Residents of the Amazon neighborhood love the many outdoor recreational spots, but most agree that the upkeep of such areas is lacking greatly.
The community’s inviting streets, colorful businesses, and open parks give the neighborhood a family-friendly vibe, yet many residents feel like its should be maintained much better if it is going to remain as welcoming.
Kiel Berg, 19, is a frequent visitor of the local skate park. Coming at least four to five times per week, he knows to take precautions when around these areas. According to Berg, the area could be much safer if the trails and parks were better maintained, making more skaters come while driving out some of the drugs.
“This path is kind of sketchy sometimes,” Berg said of the Amazon trail. He also added that the people that hang out by the skate park and its surrounding areas are not always the safest crowd to be around because of the high rates of drug use.
According to Berg, the parks need to be better maintained in order to make more people want to visit them for recreation. His solution relies mostly in the simple upkeep of the neighborhood and its many offerings.
“Honestly, I think it just needs repaving,” Berg said. “How are you supposed to skate on this?”
Other neighborhood residents feel similar about this subject, as well. Tim Vignos, resident since 2011, finds the area beautiful, accessible, and in good proximity to businesses and parks, but he also find the upkeep to be lacking.
“I wish the Amazon running trail was taken care of better, because when it rains, it turns into mush,” he said.
While this seems unavoidable in the Eugene weather, there are ways to improve conditions such as the placement of woodchips, gravel, and dirt to help with water runoff. Because Vignos’s main mode of transportation is a bicycle, muddy trails can be a problem when commuting to work and other commitments.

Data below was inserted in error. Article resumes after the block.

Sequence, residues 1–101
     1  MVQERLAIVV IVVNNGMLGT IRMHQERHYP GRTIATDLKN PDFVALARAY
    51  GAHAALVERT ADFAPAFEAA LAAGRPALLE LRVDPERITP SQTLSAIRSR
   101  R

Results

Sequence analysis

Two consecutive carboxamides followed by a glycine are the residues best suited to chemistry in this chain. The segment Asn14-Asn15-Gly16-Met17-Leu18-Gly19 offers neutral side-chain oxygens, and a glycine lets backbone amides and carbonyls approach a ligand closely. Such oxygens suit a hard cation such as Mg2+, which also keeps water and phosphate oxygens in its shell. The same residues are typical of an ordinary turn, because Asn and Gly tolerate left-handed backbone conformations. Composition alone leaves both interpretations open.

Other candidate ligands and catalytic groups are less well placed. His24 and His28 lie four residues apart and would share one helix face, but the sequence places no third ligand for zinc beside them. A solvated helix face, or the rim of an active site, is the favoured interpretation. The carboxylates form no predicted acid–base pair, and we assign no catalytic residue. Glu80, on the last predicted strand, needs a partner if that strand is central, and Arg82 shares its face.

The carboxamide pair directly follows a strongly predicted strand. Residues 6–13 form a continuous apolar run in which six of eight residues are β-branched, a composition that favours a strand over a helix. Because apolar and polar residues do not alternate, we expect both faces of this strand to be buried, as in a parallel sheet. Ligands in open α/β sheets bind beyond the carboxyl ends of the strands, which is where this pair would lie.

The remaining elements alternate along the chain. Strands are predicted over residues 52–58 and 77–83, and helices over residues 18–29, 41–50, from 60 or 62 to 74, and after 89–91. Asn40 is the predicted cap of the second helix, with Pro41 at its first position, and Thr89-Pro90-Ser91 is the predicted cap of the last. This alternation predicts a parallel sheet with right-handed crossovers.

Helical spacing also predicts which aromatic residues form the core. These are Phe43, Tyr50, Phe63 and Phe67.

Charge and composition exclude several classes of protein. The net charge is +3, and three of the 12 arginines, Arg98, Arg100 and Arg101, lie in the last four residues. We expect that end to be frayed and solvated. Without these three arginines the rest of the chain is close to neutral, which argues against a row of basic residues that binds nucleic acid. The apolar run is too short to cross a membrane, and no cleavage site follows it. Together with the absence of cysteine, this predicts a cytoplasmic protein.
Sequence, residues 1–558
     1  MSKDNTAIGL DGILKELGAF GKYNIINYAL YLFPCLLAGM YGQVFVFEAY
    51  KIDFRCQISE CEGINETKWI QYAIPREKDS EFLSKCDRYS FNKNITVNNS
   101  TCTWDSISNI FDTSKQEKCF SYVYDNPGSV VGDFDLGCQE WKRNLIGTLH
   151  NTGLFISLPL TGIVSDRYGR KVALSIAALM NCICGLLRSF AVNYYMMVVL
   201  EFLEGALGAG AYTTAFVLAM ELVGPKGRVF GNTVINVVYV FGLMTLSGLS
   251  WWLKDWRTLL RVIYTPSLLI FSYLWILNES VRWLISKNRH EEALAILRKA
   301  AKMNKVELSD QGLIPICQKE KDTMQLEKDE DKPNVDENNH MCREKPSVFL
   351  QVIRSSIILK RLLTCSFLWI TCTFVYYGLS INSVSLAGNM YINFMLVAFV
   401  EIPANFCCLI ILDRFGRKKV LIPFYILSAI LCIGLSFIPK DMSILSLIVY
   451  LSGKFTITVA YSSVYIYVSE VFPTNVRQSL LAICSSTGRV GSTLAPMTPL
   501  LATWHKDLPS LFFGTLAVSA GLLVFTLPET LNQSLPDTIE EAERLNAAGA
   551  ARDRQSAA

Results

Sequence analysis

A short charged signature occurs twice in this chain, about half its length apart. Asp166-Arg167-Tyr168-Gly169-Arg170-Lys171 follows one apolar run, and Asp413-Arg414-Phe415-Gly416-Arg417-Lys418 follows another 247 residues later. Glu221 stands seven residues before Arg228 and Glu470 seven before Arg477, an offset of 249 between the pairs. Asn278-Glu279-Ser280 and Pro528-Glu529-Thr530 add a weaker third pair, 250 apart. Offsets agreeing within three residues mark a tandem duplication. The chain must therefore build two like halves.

His active involvement in the community through the GEARs cycling club and the Unitarian church makes it much easier for Vignos to get to know his neighbors and socialize with the Amazon community. His frequent visits to the dog park let him mingle with his peers, but he also notices the limited demographic the area caters to.
“It’s mostly young families and empty-nesters like me,” Vignos said.
Dylan Dornfield feels the same way about the current population of the Amazon neighborhood and he thinks that students might change the demographic of the area in a positive way.
“It definitely feels like the campus just doesn’t get spread as much over here,” he said.
As a young member of the neighborhood, he said he would definitely get involved with a residential community group in order to improve the landscape and safety of the area.
“I would repave that [area] myself,” said Dornfield of the local trails.
Giving a voice to students in the Amazon neighborhood is not something most residents are opposed to, either. Kelly Collins, a local father with three young daughters has lived in this region for 11 years and continues to enjoy the numerous playground areas even as younger people move closer.
“It doesn’t bother me,” Collins said of the student population. “I see students every day.”